Socialist Worker

Solidarity needed as leading Palestinian activist faces jail

by Nick Clark
Issue No. 2740

Issa Amro (left)

Issa Amro (left) (Pic: Wikimedia)

A leading Palestinian activist faces years in jail just for protesting against Israel’s military occupation in his West Bank home.

Issa Amro told Socialist Worker how he is being punished for “pure non-violent resistance.”

“The Israeli occupation denies Palestinian people the basic human rights of protesting against the occupation peacefully,” he said.

Issa was convicted in an Israeli military court earlier this year on charges dating back as far as 2010. They include “crimes” such as participating in a march without a permit.

When he is sentenced, he could be jailed, hit with a heavy fine or banned from taking part in any more protests.

It’s an attempt by Israel to make an example of one of Palestine’s most prominent activists.

Issa lives in the Old City of Hebron, where some 700 Israeli settlers—and the soldiers who protect them—do their best to make life a misery for Palestinians. They face Israeli soldiers at checkpoints and violence from settlers on a daily basis.


He has spent years organising peaceful protests demanding that once-bustling market streets—shut by Israeli forces—be reopened. And he is known by Palestine solidarity campaigners around the world for speaking out and showing them the reality of the occupation when they visit.

“I am a Palestinian activist who does only pure non-violent resistance,” he said. “I organise rallies, peaceful protests, sit-ins. I document human rights violations, I do a lot of tours including for diplomats and politicians.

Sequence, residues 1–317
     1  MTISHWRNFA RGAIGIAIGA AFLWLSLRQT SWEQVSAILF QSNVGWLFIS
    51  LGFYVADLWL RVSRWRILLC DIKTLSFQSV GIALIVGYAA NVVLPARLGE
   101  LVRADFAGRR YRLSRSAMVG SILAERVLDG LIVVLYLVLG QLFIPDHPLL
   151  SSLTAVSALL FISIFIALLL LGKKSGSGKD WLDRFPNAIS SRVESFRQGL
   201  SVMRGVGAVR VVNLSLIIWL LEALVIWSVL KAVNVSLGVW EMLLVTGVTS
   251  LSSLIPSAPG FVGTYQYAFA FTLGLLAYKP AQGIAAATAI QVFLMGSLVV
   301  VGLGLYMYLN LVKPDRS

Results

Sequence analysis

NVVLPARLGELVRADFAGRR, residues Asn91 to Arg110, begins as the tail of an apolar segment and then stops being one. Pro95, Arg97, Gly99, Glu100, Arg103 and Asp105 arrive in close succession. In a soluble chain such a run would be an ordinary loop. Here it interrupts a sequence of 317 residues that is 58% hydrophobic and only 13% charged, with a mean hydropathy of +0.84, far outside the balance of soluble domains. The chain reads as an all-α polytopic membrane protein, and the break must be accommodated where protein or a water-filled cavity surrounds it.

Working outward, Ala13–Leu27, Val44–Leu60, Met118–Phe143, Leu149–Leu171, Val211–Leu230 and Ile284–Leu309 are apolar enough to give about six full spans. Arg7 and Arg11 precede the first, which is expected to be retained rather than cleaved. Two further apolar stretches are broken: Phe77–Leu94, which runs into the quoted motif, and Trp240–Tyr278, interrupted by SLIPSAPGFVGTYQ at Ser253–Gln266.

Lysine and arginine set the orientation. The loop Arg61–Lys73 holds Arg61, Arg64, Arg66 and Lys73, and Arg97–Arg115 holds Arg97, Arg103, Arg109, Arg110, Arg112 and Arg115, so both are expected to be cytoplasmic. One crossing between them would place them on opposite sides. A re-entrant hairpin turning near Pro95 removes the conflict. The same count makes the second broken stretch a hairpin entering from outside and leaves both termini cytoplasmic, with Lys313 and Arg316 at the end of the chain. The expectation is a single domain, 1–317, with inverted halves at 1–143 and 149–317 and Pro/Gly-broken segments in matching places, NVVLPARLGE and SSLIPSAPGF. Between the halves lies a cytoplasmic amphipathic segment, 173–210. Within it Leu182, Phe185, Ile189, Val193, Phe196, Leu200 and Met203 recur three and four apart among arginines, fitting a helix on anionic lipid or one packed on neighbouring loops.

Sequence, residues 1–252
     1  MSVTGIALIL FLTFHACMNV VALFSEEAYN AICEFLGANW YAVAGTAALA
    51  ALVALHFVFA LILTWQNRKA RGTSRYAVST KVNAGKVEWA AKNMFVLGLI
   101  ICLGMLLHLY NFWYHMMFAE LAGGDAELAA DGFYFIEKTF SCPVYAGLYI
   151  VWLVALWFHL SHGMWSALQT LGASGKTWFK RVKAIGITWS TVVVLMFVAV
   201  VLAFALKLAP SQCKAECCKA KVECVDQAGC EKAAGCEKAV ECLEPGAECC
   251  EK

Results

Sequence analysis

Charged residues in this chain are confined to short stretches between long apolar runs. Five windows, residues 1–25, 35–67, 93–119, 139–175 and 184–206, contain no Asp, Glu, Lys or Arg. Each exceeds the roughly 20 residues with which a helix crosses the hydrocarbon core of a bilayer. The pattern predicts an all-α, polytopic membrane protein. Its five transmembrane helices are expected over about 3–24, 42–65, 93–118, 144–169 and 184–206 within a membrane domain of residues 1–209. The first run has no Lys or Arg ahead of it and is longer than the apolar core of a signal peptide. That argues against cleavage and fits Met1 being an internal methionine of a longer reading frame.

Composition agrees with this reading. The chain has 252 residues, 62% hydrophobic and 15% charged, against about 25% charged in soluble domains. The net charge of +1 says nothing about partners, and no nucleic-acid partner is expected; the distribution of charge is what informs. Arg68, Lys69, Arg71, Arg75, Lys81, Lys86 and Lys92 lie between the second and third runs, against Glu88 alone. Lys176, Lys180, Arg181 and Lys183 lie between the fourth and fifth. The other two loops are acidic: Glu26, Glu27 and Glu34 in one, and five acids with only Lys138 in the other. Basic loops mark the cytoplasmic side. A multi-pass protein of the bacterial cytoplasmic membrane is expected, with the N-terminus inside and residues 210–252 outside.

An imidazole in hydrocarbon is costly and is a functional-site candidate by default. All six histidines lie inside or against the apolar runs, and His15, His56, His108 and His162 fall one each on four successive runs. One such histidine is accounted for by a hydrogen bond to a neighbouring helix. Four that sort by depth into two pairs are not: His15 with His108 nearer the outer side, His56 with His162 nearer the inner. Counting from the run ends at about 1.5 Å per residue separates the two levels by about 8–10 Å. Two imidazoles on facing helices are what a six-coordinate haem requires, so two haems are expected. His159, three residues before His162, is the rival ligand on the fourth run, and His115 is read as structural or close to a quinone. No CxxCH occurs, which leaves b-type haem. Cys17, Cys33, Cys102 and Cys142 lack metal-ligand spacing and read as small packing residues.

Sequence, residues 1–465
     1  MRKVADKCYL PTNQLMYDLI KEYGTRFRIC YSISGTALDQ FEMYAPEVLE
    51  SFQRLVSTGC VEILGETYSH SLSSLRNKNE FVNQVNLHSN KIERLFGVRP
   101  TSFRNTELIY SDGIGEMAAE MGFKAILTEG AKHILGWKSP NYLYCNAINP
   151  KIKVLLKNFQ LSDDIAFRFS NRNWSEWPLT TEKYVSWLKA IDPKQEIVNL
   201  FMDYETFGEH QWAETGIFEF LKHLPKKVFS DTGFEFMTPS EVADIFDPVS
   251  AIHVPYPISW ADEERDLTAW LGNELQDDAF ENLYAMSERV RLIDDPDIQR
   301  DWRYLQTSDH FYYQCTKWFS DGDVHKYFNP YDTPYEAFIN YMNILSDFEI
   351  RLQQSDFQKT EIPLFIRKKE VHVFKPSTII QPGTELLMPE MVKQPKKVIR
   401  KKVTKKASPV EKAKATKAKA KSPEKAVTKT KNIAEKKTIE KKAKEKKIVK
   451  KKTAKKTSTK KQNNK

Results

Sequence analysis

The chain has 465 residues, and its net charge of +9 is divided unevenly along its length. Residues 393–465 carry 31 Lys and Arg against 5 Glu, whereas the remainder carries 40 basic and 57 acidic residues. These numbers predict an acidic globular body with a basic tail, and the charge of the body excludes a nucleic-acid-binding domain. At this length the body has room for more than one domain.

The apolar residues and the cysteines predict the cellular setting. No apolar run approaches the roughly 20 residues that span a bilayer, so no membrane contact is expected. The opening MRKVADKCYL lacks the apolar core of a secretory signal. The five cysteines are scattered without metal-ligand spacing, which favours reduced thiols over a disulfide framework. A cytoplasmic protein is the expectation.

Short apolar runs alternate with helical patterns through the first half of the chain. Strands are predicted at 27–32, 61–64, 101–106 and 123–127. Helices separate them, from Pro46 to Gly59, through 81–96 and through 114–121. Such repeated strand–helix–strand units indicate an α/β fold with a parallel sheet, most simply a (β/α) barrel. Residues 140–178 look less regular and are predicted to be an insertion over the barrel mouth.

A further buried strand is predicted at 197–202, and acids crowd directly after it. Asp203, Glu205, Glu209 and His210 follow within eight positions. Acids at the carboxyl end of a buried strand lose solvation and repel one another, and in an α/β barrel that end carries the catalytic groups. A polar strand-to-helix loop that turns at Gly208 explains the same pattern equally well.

“That means Israel hates me and exposes itself by using the military court.”

But he added that his conviction was about much more than trying to remove one activist. It was about “showing that there is no space for peaceful Palestinian resistance".

Under the military law that Israel imposes on the West Bank—which it invaded in 1967—Palestinians have to apply for permission for a political gathering of more than ten people. It means that “We as Palestinians are not allowed to protest peacefully according to Israeli military law,” said Issa.

“The right of protest is violated by the Israeli military authorities. It means Palestinians don’t have any tool for resisting the occupation.”

Issa also explained how the use of military law exposed the “double standards” that Israel applies to Palestinians and settlers. While Palestinians are tried in military courts, settlers are subject to the same laws as residents inside Israel’s borders—often not enforced in the West Bank.

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Israeli human rights monitor Yesh Din recorded an increase in settler attacks on Palestinians in January—including attacks and riots against Palestinian villages.

Yet no settler has been charged. And while soldiers protect the settlers, they have stepped up raids on Palestinian homes.

“Under military law, we are guilty until we are proved innocent,” said Issa. “In the meantime, the Israeli settlers are under civilian law but there is no enforcement. They live with impunity.”

Issa is set to be sentenced on 8 February—by an Israeli officer who lives in a settlement. He is asking supporters to campaign for justice for him and all Palestinians.

“I want people to participate in our online campaign,” he said. “Contact their parliament and their foreign ministry. Talk to them to put pressure on Israel to stop going after Palestinians and human rights defenders.

“Give the Palestinians the right to protest against the occupation.”

Sign the petition in solidarity with Issa at

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